Game Development Reference
In-Depth Information
can modify the listeners in the Document class to account for all
three event phases:
addEventListener(Game.GAME_START, gameStart, true, 0, true);
game.addEventListener(Game.GAME_START, gameStart, false, 0,
addEventListener(Game.GAME_START, gameStart, false, 0, true);
Note the subtle differences between how the listeners are
added. The capture and bubbling listeners are identical, except for
the useCapture parameter, and the target listener is attached to the
game object directly. There are few times when you
d probably
use all of these listener types at once. I almost always listen at the
target phase because I usually know which object I need to receive
events and which don
t matter. One scenario where it is very help-
ful, though, is when you need to stop an event from being
Event Propagation and Cancellation
By default, events, particularly those in DisplayObjects, will move
through their hierarchy uninterrupted, notifying each listener in
the chain as the event reaches it. However, there might be some
scenarios where you would want to stop certain events from
reaching their destination. A common example is with mouse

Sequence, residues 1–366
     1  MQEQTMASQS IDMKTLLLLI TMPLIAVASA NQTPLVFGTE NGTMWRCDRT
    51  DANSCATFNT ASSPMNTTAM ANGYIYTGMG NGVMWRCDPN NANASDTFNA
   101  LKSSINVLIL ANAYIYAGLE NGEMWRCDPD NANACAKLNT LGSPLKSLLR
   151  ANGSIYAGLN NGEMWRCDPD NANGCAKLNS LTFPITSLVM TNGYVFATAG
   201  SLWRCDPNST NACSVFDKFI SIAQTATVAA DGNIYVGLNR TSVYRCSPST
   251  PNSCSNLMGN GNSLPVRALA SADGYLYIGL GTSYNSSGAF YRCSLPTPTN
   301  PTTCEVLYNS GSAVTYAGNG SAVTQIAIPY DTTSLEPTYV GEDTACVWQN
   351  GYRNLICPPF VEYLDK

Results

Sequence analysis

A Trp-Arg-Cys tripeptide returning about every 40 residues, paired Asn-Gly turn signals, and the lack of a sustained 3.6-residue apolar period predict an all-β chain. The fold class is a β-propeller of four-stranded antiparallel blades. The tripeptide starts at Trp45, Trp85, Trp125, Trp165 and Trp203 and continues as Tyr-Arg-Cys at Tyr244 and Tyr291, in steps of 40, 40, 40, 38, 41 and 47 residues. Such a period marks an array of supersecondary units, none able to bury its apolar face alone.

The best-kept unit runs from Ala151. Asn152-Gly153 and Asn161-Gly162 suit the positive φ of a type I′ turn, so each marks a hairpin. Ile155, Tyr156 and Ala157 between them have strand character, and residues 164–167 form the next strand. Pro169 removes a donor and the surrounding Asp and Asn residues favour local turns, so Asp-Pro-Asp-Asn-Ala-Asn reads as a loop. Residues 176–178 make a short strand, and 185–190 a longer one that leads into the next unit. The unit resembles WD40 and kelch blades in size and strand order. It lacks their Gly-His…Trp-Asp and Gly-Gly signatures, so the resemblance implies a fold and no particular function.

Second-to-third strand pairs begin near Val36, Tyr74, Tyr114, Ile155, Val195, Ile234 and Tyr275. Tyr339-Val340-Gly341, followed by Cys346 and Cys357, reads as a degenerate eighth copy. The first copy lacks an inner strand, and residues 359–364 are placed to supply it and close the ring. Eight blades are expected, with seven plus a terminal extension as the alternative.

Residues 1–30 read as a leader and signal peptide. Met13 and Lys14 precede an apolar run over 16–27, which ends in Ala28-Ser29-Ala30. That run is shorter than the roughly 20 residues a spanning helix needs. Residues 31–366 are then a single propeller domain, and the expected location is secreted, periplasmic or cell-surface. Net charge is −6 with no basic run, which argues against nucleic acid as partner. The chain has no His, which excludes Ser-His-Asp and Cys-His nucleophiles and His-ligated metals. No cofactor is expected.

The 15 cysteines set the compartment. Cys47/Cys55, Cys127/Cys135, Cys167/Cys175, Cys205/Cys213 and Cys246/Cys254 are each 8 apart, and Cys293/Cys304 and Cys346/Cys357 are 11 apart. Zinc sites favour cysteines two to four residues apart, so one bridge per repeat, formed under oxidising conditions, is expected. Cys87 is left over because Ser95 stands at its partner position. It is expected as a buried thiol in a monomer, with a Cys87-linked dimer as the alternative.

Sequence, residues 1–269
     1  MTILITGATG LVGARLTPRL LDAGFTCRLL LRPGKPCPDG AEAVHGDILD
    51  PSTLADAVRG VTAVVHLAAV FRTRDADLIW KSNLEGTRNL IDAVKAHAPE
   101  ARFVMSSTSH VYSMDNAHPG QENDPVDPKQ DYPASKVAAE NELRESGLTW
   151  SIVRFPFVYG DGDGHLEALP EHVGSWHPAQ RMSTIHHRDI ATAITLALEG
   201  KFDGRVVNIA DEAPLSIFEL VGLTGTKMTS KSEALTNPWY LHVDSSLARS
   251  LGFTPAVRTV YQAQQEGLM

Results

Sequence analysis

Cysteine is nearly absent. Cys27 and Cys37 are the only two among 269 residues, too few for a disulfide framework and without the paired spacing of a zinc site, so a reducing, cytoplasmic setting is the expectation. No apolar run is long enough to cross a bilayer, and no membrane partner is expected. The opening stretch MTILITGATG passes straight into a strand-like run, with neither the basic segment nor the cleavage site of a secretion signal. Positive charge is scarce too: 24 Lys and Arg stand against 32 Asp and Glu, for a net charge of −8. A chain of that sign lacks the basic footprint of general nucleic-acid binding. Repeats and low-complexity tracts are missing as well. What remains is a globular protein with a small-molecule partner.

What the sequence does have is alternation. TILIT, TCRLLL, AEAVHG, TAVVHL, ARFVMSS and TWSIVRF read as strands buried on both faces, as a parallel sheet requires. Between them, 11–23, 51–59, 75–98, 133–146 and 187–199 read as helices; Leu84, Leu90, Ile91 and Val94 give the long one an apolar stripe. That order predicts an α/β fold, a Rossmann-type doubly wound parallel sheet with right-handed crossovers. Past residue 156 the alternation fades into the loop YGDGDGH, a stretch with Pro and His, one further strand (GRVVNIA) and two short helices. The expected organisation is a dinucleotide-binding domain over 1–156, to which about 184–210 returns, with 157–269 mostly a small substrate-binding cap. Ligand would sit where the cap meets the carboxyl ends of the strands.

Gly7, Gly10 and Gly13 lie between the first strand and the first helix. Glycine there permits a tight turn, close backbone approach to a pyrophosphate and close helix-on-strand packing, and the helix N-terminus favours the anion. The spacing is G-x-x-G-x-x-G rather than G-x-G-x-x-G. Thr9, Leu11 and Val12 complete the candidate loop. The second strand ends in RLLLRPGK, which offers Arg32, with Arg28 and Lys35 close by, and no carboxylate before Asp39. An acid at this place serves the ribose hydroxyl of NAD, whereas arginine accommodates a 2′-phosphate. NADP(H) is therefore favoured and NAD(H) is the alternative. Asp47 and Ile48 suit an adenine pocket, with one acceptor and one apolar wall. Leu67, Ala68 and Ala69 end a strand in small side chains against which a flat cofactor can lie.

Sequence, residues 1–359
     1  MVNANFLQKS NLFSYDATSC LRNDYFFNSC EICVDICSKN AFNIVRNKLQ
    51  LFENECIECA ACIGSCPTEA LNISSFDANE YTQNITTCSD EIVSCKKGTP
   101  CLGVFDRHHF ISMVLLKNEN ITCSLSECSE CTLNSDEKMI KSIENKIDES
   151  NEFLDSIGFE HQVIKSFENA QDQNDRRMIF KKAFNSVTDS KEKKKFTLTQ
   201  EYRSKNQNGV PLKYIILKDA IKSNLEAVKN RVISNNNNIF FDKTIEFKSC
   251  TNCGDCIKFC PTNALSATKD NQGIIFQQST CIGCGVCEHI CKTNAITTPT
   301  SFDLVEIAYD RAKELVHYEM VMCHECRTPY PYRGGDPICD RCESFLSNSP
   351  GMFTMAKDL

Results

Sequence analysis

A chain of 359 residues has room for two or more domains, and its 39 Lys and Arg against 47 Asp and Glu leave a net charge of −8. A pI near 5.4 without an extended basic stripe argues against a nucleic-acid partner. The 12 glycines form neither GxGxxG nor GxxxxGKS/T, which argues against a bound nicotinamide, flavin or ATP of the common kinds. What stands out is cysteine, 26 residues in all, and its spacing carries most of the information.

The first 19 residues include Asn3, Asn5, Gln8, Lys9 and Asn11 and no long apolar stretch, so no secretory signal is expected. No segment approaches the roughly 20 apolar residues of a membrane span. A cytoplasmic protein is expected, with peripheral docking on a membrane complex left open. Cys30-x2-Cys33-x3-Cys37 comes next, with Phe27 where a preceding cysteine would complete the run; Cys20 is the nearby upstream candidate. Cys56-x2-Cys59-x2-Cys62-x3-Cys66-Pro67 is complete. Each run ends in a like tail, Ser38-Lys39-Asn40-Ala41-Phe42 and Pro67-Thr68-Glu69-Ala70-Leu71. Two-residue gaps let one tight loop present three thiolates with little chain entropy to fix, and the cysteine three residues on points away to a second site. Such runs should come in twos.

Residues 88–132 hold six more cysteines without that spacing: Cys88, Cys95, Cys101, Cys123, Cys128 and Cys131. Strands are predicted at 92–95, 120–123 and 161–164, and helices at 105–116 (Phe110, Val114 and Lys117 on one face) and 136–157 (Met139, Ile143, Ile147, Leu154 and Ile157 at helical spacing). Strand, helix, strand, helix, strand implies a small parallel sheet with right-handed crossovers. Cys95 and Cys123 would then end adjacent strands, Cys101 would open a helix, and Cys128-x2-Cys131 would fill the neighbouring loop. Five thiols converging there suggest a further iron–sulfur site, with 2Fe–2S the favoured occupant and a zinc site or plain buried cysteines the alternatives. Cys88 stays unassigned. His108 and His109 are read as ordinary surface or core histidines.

input. Say you had an application or a game with a side panel
containing some buttons and other information. If you were dis-
playing a message and wanted to disable input to the panel while
the message was being shown, you could tell the panel to disable
itself, which would in turn disable each of the buttons. However,
canceling events.
When one of the buttons in the panel is clicked on by the
mouse, for example, it generates an event (specifically, a Mouse-
Event) that moves through each display list level until it reaches
the object that was clicked. If you listen for that event during the
capture phase in some parent object of the panel, you can stop
that event from proceeding any further and ever reaching its desti-
nation. You do this through the use of a couple of methods of
event objects: stopPropagation and stopImmediatePropagation .
They both do virtually the same thing but with minor differences.
The former stops any objects further down the display chain from
receiving the event. The latter stops those objects, as well as any
other listeners, in the current DisplayObject.
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